A 61-year-old female patient who presented with recurrent inflammation around a loaded implant supporting an overdenture placed in the region of 33, was referred from Department of Prosthodontics to Department of Periodontics, Sri Rajiv Gandhi College of Dental Sciences, Bengaluru for evaluation of peri-implant tissues. Clinical examination with roll test performed with periodontal probe revealed inadequate keratinized tissue around the implants placed in the region of 33 which was evident by bunching up of alveolar mucosa revealing implant to be surrounded by thin unattached mucosa on the buccal aspect [Figure 6], so it was planned to increase the zone of keratinized tissue by a pouch technique utilizing a CTG harvested from palate. A horizontal incision was made at the buccal aspect of the implant and a supra-periosteal pouch was created using number 15-c blade, tin-foil template was prepared, was transferred to the palatal donor site to harvest the graft using trap door technique [16] utilizing a horizontal incision 3-4 mm away from the gingival margin with two vertical incisions on the either end of the first incision, creating a door, the door is then undermined and opened using a sharp dissection, the underlying connective tissue is then harvested using a periosteal elevator, and the door was then sutured using 4-0 silk sutures. Graft was then transferred to the recipient site and sutured to the periosteum. Buccal flap was then sutured apically with 4-0 silk sutures [Figure 7].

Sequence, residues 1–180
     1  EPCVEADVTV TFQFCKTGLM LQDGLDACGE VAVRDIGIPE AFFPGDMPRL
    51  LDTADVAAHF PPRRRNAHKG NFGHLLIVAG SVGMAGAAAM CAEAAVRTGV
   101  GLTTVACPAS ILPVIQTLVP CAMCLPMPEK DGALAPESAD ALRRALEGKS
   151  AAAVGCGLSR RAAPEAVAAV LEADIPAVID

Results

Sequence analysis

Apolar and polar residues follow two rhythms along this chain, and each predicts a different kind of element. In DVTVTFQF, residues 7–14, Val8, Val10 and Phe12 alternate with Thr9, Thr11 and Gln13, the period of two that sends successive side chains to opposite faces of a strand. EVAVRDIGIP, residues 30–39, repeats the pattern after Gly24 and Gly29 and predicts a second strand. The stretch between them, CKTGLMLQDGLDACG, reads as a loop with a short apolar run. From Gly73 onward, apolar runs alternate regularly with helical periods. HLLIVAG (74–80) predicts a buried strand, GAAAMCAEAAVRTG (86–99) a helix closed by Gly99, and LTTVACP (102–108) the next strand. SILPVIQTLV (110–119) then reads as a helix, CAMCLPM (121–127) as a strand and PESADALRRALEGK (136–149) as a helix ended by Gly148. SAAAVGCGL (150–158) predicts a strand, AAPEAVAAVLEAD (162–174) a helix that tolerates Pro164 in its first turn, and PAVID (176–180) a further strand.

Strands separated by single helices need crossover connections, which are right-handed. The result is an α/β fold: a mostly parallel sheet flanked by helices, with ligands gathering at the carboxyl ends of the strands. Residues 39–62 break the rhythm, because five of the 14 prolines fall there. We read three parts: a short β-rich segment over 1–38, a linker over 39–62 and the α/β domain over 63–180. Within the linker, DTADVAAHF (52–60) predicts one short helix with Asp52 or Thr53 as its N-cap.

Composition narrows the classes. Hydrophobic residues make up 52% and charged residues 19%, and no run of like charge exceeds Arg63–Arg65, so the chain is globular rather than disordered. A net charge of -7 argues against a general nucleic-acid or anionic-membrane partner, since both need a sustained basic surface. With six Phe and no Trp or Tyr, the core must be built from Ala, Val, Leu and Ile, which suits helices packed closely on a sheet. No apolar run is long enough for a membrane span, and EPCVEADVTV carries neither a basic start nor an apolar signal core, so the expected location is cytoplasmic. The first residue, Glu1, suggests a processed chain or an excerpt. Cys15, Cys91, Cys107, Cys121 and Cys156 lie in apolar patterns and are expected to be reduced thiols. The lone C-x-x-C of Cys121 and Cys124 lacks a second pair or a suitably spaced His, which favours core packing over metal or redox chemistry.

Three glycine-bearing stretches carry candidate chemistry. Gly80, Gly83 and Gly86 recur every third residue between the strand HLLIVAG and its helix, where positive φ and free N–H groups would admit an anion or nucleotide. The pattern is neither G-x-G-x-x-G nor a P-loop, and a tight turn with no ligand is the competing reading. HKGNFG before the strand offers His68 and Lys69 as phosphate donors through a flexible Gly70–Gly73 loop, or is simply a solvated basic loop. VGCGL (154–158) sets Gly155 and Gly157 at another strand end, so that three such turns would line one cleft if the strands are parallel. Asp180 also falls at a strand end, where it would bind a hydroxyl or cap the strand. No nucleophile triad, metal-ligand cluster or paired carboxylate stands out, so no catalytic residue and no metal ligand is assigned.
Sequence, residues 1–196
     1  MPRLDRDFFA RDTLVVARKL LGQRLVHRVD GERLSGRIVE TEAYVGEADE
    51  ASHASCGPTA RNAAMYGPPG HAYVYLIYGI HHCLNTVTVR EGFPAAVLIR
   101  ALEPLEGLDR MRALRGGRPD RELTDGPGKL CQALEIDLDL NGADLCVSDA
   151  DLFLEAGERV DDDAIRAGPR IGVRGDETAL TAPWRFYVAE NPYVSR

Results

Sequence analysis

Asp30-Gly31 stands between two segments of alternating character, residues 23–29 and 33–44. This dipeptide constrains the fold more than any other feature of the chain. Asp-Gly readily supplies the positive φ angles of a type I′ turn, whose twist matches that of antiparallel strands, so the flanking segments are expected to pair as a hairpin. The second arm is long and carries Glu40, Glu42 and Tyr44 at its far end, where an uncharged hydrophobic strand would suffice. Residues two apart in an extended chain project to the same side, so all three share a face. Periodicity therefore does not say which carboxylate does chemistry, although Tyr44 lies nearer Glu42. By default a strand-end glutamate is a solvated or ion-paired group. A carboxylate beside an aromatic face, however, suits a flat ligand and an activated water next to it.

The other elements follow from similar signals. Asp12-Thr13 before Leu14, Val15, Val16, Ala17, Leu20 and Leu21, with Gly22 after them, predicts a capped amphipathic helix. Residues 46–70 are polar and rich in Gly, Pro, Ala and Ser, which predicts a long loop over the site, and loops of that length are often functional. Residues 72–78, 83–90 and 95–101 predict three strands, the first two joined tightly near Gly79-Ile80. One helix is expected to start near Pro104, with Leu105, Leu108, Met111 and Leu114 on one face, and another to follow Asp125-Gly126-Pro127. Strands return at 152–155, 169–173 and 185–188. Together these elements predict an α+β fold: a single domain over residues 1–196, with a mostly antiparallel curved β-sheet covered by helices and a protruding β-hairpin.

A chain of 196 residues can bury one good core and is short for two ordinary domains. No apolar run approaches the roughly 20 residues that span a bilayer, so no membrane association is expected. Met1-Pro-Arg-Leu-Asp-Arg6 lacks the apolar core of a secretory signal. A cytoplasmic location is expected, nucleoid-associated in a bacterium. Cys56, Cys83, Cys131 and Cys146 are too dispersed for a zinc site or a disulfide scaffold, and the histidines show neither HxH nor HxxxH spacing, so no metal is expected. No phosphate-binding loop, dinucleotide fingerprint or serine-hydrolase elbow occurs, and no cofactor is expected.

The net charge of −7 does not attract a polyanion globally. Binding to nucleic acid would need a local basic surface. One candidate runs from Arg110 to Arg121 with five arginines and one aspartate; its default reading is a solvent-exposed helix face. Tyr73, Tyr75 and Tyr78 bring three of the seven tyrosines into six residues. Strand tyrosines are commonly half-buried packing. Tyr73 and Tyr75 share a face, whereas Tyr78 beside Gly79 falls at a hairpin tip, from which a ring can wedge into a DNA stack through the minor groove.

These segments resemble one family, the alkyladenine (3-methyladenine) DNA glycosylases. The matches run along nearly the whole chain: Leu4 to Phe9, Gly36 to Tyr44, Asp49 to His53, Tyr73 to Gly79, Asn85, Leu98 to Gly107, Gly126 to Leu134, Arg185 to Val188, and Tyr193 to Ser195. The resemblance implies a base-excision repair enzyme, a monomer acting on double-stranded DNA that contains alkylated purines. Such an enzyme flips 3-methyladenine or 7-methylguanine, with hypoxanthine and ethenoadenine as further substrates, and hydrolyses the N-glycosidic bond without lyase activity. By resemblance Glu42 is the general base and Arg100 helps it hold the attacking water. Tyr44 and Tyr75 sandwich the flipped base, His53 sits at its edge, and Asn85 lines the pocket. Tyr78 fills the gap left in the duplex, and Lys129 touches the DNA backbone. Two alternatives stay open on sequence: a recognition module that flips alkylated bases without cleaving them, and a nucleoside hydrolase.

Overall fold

Figure 6: Pre-operative, lack of keratinized tissue around the implant placed at the site 33